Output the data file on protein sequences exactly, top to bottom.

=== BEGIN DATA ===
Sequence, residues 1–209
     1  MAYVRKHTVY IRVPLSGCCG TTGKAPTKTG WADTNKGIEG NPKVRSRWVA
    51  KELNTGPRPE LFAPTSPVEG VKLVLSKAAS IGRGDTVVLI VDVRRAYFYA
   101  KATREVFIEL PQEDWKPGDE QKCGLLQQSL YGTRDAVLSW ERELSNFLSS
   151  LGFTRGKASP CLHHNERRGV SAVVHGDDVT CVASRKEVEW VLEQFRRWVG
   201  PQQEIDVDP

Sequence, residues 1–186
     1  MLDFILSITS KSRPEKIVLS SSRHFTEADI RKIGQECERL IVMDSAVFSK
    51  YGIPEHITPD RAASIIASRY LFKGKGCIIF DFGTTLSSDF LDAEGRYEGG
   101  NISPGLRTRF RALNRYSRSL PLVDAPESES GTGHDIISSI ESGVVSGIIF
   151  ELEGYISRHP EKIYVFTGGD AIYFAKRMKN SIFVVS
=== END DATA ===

Sequence, residues 1–209
     1  MAYVRKHTVY IRVPLSGCCG TTGKAPTKTG WADTNKGIEG NPKVRSRWVA
    51  KELNTGPRPE LFAPTSPVEG VKLVLSKAAS IGRGDTVVLI VDVRRAYFYA
   101  KATREVFIEL PQEDWKPGDE QKCGLLQQSL YGTRDAVLSW ERELSNFLSS
   151  LGFTRGKASP CLHHNERRGV SAVVHGDDVT CVASRKEVEW VLEQFRRWVG
   201  PQQEIDVDP

Sequence, residues 1–186
     1  MLDFILSITS KSRPEKIVLS SSRHFTEADI RKIGQECERL IVMDSAVFSK
    51  YGIPEHITPD RAASIIASRY LFKGKGCIIF DFGTTLSSDF LDAEGRYEGG
   101  NISPGLRTRF RALNRYSRSL PLVDAPESES GTGHDIISSI ESGVVSGIIF
   151  ELEGYISRHP EKIYVFTGGD AIYFAKRMKN SIFVVS